Watching Kansas State play football under Bill Snyder isn’t a throwback or act in nostalgia. That would be the easy storyline. Bill Snyder is old; his teams play old football; the results are wholesome and redolent of an idyllic time when people did not run devious spread offenses, and instead won with giant two-star lummoxes at quarterback who were more grit than glamour.
That is not accurate, and has never been accurate about Kansas State, or Bill Snyder, or about any part of the story behind K-State improbably becoming a good football team after decades as the nation’s designated Worst Program Ever. There’s some of that Midwestern, old-timey detail for color’s sake, sure. There are the handwritten letters in purple ink, written on the diagonal because Snyder is a lefty. He has a completely sincere and unironic fascination with Pinocchio; his Twitter account is mostly team updates, appreciative photos of his family, and opining about only eating salad. Snyder called earrings “ear-screws” in his first meeting with players in 1989. (His players were not to wear them with their ties and blazers.)
Folksy does not beat what should be a more physically talented Texas A&M team in an exhibition game rematch of an old Big 12 matchup. Snyder’s standard working day in K-State’s 1990s run was sixteen hours. It’s less now, but not by a huge margin. At one point as a young assistant, he attempted to have a hypnotist work with him to compress six hours of sleep into one—so he could work more, and watch more tape, something he used to do while working out on the Stairmaster in his house. His film breakdowns of passing plays could take days, his practices lasted three and a half hours. Snyder eats once a day because, in his own words, “ You can get a lot done during the lunch hour, and shortly after that I realized that if it works during lunch, it works during dinner."
He was such a ruthless playcaller at Iowa that Bo Schembechler, when asked about Snyder by Kansas State administrators during their hiring process, said: "Hire him, get him the f--- out of this conference."
Bill Snyder’s mean as hell in service of his job, and this should never, ever be forgotten when watching Kansas State. The other thing, though, is how simple a lot of what they do is. Note; not old, or outdated, or even quaint for quaint’s sake. Manhattan, Kansas is not on the moon, but it does share gas and electric utility lines with it, and rivals Lubbock for sheer literal and mental distance from major population centers. So Kansas State has always gone after community college players and the understarred or tweener recruits, and done it through endless scouting and midnight film sessions. It’s only half a joke when we say that Kansas State is beating up on someone again with a converted TE out of a 500 person community college south of Topeka playing quarterback, because K-State has done something like this on multiple occasions.
Kansas State also doesn’t really try to do anything they can’t do. Defensively, they have a weird knack for rarely getting out of position, and even in the defense-averse Big 12 led the league in most statistical categories. The Wildcats run the hell out of the ball, often with schemes that ask their linemen to make simple but very effective blocks. They don’t run a whole lot of plays, but run the ones they do with little, well-executed variations.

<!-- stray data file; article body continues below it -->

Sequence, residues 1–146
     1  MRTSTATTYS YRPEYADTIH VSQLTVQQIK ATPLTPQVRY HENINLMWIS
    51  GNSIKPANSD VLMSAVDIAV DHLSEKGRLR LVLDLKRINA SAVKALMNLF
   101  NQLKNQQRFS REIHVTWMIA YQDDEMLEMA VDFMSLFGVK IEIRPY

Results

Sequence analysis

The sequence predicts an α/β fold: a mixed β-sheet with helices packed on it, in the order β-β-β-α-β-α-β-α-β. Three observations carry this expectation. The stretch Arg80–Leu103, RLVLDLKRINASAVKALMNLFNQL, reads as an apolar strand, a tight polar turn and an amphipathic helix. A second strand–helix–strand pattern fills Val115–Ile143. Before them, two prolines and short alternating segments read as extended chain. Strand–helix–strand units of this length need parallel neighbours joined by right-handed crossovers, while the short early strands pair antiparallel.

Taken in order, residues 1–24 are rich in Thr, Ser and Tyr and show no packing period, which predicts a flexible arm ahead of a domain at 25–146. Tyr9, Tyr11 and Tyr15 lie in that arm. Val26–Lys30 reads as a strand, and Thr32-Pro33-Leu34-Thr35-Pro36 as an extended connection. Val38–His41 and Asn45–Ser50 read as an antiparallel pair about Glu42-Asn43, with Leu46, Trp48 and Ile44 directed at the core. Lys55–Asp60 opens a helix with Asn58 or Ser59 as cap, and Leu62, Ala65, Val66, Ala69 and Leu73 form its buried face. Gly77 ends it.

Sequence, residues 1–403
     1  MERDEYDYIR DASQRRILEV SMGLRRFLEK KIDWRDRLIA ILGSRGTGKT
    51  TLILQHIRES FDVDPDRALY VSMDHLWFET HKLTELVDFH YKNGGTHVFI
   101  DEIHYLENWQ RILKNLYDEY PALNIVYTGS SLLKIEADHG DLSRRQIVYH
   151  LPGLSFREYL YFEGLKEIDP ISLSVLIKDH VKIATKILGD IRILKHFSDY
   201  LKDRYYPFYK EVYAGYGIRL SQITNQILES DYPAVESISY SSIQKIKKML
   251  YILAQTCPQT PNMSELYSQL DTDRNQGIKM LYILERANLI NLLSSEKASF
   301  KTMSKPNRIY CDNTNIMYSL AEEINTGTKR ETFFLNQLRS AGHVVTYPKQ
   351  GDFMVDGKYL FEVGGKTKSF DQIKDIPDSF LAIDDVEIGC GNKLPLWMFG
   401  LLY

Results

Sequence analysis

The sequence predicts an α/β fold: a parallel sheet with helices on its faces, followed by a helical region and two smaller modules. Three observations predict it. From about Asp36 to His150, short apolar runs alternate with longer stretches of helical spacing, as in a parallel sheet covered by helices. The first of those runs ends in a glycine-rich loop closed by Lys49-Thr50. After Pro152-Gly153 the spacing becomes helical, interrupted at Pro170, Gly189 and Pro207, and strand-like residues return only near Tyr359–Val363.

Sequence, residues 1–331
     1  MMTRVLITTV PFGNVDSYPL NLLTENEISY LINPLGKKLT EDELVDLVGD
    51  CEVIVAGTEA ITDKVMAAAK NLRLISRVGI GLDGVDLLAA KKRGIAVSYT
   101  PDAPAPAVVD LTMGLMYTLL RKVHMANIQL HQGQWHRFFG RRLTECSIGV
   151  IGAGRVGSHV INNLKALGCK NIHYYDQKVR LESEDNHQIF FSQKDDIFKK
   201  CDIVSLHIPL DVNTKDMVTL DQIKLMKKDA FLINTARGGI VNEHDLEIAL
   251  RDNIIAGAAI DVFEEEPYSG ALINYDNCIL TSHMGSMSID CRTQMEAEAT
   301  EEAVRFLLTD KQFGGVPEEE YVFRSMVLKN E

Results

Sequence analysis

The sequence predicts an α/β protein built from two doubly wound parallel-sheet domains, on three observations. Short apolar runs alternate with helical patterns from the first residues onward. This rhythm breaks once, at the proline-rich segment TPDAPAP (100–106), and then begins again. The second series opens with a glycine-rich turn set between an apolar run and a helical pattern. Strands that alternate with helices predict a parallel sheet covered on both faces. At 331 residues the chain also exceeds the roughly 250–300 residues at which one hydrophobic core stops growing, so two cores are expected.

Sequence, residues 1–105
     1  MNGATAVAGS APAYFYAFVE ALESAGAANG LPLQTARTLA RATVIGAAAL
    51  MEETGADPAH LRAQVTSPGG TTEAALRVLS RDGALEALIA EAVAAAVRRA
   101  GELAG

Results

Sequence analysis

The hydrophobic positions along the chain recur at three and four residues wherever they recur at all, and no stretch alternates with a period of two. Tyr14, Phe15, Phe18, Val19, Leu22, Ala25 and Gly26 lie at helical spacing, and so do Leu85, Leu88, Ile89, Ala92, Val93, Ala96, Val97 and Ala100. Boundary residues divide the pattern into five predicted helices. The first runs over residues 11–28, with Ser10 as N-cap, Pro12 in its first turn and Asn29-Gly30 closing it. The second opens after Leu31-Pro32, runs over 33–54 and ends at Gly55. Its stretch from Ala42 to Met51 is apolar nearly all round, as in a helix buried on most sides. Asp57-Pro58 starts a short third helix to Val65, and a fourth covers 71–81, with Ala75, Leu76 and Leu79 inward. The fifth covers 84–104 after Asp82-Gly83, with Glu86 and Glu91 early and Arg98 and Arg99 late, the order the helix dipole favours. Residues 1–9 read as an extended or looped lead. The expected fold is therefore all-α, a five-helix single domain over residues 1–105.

The best possible and most K-State of all these: Unlike every other team in the known universe in 2016, K-State runs the pop pass frequently without getting a penalty for ineligible man downfield—as they did last night against Texas A&M at a crucial point in the game.
They will devolve into a single wing when they have to, provided they have that sort of tight end-looking guy at quarterback, so yeah: some things about a team coached by a 77 year old guy do fit the stereotype.
But watching K-State work last night reminded us of a few things. One, that dumping water on a very old man is not a good idea, and that professionals plan ahead by filling the Gatorade bucket with confetti.
Two: that simple can be completely deadly when it’s done with precision and discipline. There are times in a game when Kansas State doesn’t even really appear to realize there’s a playclock, really. The crucial thing is that they’re also waiting on you, the less patient, possibly more talented but definitely not more organized opponent, to try something. You’ll probably make a mistake, and then Kansas State will turn that mistake into points, and then you’ll get that handwritten letter in purple from an old man who just really respects you as an opponent.
Three: that getting to that point, even for an 8-4 team whose pretty good season will be largely ignored outside of the state of Kansas, required an insane lifetime’s worth of work that destroyed Bill Snyder’s first marriage before he ever got to Manhattan, and left other coaches in awe/fear of his ability to stave off sleep, hunger, and things other, weaker humans need. We don’t know if you should even admire that or condemn it. It’s more like something you document as remarkable as a thing of nature, or maybe as an unnatural thing. Here is K-State, a team that should not be good—and here is the obsessive who, for some reason or another, decided to spend his life coaching a game there like it was the only thing in the world worth doing.